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50th Anniversary Seminar Series

13b 50th anniversary
Joan Furey MA, RN US Army Nurse Veteran (left) and Carolyn Santora, MS, RN Chief Nursing Officer, Chief Regulatory Officer-Stony Brook

From August 2020 through April 2021, the School of Nursing sponsored a 50th Anniversary Seminar series that featured over 25 nationally and internationally recognized alumni during lectures moderated by SON faculty. Below are the topics and presenters for this free series.

“Managing Critical COVID-19 Challenges: Nursing on the Front Line” with  presenters Carolyn Santora, MS, RN, NEA-BC, CSHA, CPHQ, Alison Rowe, MS, RN, NEA-BC, CEN, and Allison Copenhaver, MSN, RN, NEA-BC

Members of the Stony Brook University Hospital nursing administrative team discussed how the challenges of COVID-19 are being addressed, including preparations, PPE management and maintaining a positive team spirit during these challenging times.

“Rapid Response Team in an Academic Medical Center, Practice and Management in an NP Lead Model” with speaker Barbara Mills, DNP, RN, ACNPC, ANPC, PNP, CCRN, PCCN, a nationally recognized expert at Stony  Brook University Hospital

Mills spoke about the activation and deployment of the Rapid Response Team and how they respond when patients begin to physiologically decompensate and how they intervene to optimize patient outcomes.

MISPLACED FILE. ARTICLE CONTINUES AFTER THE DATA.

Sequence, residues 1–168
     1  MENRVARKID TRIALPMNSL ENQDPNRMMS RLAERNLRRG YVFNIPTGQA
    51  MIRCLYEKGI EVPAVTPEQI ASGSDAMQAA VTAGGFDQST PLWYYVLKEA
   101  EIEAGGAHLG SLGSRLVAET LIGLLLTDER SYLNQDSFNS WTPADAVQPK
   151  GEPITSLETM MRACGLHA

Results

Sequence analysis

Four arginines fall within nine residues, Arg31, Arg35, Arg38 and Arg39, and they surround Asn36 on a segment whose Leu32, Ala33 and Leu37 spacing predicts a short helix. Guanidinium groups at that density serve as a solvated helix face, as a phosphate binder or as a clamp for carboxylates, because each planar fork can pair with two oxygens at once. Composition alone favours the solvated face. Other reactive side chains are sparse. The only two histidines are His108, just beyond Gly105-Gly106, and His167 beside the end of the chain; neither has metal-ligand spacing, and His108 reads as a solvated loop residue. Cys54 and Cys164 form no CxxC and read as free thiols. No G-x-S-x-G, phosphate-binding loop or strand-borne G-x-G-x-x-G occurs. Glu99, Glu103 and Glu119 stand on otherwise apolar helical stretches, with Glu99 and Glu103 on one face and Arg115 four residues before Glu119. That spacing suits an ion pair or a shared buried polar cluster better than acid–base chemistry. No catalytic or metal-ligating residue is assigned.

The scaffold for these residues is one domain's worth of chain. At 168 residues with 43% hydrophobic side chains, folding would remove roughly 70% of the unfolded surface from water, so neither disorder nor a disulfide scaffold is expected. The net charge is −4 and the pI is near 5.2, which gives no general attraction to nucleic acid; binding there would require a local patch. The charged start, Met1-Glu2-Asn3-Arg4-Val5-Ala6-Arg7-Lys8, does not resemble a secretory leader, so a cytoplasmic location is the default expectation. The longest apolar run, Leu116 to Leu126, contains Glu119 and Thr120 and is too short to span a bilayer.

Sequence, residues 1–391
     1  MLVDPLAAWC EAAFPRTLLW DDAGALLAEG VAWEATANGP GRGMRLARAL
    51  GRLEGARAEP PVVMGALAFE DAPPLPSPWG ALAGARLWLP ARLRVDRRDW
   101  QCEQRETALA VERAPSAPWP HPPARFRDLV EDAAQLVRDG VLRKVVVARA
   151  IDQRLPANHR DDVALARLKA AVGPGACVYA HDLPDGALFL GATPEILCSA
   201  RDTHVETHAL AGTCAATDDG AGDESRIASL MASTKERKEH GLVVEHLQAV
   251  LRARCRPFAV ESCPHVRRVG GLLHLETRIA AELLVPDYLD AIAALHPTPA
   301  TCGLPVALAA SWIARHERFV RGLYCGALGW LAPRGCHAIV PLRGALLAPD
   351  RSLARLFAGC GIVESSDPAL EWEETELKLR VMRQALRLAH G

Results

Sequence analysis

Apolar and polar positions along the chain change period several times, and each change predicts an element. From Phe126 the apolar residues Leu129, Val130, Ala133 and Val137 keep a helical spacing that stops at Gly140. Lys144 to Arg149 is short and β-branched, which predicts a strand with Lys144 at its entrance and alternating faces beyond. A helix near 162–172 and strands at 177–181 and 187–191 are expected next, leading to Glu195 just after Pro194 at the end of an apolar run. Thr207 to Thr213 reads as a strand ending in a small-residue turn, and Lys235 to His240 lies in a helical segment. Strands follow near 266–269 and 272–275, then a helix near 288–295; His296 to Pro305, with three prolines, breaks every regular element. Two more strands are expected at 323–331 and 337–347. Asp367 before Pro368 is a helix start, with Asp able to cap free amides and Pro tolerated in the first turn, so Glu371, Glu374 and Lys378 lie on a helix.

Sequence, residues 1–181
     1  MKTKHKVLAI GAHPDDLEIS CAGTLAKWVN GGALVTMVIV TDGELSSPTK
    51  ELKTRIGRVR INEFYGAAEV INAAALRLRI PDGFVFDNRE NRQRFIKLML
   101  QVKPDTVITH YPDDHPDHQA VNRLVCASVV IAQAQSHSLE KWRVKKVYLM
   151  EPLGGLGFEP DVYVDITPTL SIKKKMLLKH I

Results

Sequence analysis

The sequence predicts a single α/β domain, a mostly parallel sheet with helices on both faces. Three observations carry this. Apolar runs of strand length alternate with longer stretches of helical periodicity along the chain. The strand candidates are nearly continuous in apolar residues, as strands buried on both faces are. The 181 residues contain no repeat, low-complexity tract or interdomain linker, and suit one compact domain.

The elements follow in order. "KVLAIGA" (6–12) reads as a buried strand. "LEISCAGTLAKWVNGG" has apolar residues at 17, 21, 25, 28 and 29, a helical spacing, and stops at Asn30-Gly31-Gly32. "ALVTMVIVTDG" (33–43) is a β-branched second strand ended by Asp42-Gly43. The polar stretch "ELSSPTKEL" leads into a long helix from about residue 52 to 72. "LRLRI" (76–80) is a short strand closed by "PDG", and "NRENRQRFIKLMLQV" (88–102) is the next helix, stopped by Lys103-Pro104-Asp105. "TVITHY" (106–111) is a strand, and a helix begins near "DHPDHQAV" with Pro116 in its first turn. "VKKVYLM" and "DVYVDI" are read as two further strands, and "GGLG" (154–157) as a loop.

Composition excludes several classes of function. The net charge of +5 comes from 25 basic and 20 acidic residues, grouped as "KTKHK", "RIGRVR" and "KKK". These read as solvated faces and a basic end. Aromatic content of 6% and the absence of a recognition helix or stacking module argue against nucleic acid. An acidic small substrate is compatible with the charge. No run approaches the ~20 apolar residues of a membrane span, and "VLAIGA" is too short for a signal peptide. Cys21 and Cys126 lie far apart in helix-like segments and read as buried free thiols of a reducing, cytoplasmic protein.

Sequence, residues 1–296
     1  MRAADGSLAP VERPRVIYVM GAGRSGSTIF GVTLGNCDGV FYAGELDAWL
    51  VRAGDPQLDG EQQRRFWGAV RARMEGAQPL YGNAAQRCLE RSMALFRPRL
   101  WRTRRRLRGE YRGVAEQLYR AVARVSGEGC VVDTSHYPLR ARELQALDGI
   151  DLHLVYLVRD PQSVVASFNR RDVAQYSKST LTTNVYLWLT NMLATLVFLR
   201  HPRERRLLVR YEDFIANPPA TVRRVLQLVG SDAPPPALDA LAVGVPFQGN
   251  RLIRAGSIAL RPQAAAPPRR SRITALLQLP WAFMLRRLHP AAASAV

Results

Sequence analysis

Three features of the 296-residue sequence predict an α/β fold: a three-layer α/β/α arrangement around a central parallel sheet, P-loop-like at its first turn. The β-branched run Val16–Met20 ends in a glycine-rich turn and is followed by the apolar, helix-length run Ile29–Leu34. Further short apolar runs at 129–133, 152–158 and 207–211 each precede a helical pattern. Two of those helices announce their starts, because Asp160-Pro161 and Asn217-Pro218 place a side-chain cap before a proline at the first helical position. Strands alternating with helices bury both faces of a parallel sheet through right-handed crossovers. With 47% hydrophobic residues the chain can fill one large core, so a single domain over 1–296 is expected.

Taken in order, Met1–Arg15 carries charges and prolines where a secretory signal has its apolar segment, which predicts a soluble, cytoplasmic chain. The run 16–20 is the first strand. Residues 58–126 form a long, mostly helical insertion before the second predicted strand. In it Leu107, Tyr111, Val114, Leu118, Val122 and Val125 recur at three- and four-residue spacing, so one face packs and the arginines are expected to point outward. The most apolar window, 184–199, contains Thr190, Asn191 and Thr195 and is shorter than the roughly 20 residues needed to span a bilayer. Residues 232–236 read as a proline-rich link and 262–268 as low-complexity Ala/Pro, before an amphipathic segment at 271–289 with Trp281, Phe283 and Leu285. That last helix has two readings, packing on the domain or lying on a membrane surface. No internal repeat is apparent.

“The Future of Midwifery Education and Clinical Practice: Developing Future Leaders” with speaker Heather Findletar Hines, DNP, CNM, FACNM, and panelists Susan Altman, DNP, CNM, FACNM, Tamika Julien, DNP, CNM, WHNP-BC, Christina Kocis, DNP, CNM, FACNM, and Kelly Walker, DNP, CNM, FACNM

Hines, Midwifery Program Director, who is nationally recognized for her innovation in midwifery education, hosted a panel that featured alumnae midwives who shared their experiences at Stony Brook and provided insight into the future of education and clinical practice. 

“Vaccine Hesitancy and Resistance During a Global Pandemic: Nurses Lead a Positive Change” with speaker Mary Koslasp-Petraco, DNP, PPCNP-BC, CPNP, FAANP

Vaccine hesitancy and resistance have been present since the first vaccine for smallpox was developed in 1796, and the Internet has only made it easier to proliferate anti-vaccine information today. To counter the disinformation, scepticism and outright hostility, Koslasp-Petraco spoke about the key role nurses have in ensuring that a safe and effective COVID vaccine is accepted by the public. 

“PTSD In Healthcare Personnel: Lessons from Vietnam” with speaker Joan Furey, MA, RN

Furey, who served as a U.S. Army nurse in Vietnam in 1969 and earned the Bronze Star, gave a brief history of nurses’ contributions during America’s wars and discussed the pioneering work of the Department of Veterans Affairs in understanding the impact of war-related stressors on the psycho-social well-being of Vietnam veteran nurses, and how these findings can help inform healthcare workers in the battle against COVID-19. 

“Heart Failure – The Road Less (Or More?) Traveled” with speaker Corrine Y. Jurgens, PhD, RN, ANP, FAHA, FHFSA, FAAN